On Nov. 14, the WTA released a statement saying that the organization expected China to handle this issue “properly, meaning the allegations must be investigated fully, fairly, transparently and without censorship.” Since this incident concerns a sexual assault allegation by one of its own players, Simon has felt emboldened to take a stronger stance, threatening to take the WTA Finals—and other tournaments planned for China—to permanent homes in Mexico or other locales if Peng isn’t soon accounted for, and if her accusations aren’t thoroughly vetted. “Should we find that what we are asking for cannot happen or will not happen,” says Simon, “we are prepared to no longer do business within the region and move forward.”
China’s tennis rise
Since the emergence of players like Peng, who reached the semifinals of the 2014 U.S. Open as a singles player, and Li Na—a two-time Grand Slam champion, having won the 2011 French Open and the 2014 Australian Open—tennis’ popularity has spiked in China. In 2018, the WTA signed a long-term deal to move the WTA Finals to Shenzhen; prize money for the tournament doubled from $7 million to $14 million. Simon says organizers in Shenzhen have committed to investing more than $1 billion in the event, including a new stadium. (Before moving it to Mexico this year, WTA cancelled the 2020 event due to COVID). China was supposed to host 11 tournaments before COVID cancellations in 2021; Simon tells TIME there are plans to hold 10 events in China in 2022. Sports Illustrated reported that China is responsible for a third of the WTA’s revenue; while Simon calls that figure “an overstatement,” China is clearly a top priority for the WTA. “We do realize a lot of revenue from China,” says Simon. “The WTA brand resonated and has brought great value to [China]. And it’s brought great value to us.”
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But international sports organizations like the WTA are experiencing the fraught dynamics of doing business in China. While the country, with its market size of more than 1.4 billion people—many of them passionate about sports—offers an opportunity to boost global revenue, China’s record of human rights violations leaves sports bodies open to criticism of complicity. The International Olympic Committee (IOC), which chose Beijing to host the upcoming Winter Olympics in February, has remained mostly mum on China’s persecution of Uyghurs living in the western Xinjiang province. (The IOC did not respond to TIME’s request for comment on Peng’s situation in China.) After former Houston Rockets general manager Daryl Morey tweeted his support for Hong Kong protestors in October 2019, angering China, the NBA initially said it was “regrettable” that Chinese fans found Morey’s tweet offensive, and that it had “great respect for the history and culture of China.” After considerable backlash—including from both Democratic and Republican American politicians—NBA commissioner Adam Silver put out a stronger statement supporting free speech.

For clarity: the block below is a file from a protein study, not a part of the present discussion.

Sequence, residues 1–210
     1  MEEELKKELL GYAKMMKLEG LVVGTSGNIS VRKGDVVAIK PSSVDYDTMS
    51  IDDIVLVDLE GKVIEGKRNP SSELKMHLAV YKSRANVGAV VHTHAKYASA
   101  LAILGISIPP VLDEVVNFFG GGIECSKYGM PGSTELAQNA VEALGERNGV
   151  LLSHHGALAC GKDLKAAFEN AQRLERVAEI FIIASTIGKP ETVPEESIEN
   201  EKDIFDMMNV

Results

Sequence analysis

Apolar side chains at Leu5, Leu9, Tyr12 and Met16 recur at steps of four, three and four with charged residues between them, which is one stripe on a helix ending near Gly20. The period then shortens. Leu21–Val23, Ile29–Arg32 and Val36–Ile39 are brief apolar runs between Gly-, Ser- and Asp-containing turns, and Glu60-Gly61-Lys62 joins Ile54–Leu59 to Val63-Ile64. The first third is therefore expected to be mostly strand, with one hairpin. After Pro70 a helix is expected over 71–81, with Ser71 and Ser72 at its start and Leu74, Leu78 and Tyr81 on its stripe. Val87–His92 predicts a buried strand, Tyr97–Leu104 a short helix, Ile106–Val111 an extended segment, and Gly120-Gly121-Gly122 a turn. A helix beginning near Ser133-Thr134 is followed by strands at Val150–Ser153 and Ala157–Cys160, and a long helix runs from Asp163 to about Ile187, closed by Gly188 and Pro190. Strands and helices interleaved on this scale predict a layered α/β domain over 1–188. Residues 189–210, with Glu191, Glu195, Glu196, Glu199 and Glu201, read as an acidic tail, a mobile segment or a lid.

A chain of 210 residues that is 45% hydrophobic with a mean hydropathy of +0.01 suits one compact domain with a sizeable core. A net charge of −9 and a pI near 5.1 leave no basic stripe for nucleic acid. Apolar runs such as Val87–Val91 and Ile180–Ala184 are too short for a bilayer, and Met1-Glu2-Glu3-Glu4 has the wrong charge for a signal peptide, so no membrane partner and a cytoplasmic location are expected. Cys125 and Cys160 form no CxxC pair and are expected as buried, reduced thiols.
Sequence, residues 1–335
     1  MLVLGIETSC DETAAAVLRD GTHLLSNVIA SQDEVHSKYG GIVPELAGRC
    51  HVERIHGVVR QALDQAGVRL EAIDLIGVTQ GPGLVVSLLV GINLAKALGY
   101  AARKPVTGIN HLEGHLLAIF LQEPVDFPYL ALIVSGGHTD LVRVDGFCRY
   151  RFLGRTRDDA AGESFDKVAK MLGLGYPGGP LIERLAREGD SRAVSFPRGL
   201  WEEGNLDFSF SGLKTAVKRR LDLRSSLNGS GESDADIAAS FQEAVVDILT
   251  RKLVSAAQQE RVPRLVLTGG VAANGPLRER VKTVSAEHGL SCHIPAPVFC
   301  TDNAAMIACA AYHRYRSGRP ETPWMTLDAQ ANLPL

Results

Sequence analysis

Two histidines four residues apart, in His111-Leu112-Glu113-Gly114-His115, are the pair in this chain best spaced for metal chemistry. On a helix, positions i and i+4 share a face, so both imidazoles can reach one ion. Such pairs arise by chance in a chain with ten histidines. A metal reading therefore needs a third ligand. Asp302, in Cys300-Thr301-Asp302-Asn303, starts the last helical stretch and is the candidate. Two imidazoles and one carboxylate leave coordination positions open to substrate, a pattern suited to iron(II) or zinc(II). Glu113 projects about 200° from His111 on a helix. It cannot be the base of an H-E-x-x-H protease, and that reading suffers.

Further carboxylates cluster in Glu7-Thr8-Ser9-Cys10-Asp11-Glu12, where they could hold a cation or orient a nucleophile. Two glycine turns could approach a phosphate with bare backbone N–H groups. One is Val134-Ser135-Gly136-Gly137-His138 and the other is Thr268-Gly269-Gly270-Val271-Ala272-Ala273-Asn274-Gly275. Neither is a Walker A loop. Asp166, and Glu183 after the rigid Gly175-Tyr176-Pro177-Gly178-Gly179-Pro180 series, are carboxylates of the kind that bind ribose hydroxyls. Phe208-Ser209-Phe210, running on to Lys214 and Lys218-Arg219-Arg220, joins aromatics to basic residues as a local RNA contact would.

So is this WTA boldness too little too late? China’s human rights record was no secret when the WTA signed the deal with Shenzhen in 2018; the organization could have withheld events in the country, or already moved to pull out. “It’s Time For The WTA To Stop Doing Business In China,” read one recent headline in Sports Illustrated.
“That reflects the easy way out,” says Simon. “China is a big part of our world. They deserve a chance to do the right thing here. And if they don’t, then we’ll have to make a decision.”
Simon needs China to produce data and findings. “If it’s a simple, ‘trust me, we took care of it,’ that’s probably not going to be sufficient.” he says. Before any investigation, however, Peng must be accounted for. “I don’t want to let this overshadow the fact that we have a player who we can’t get a hold of,” says Simon. “Who we think is safe, but we can’t reach her. That’s a pretty scary thing.”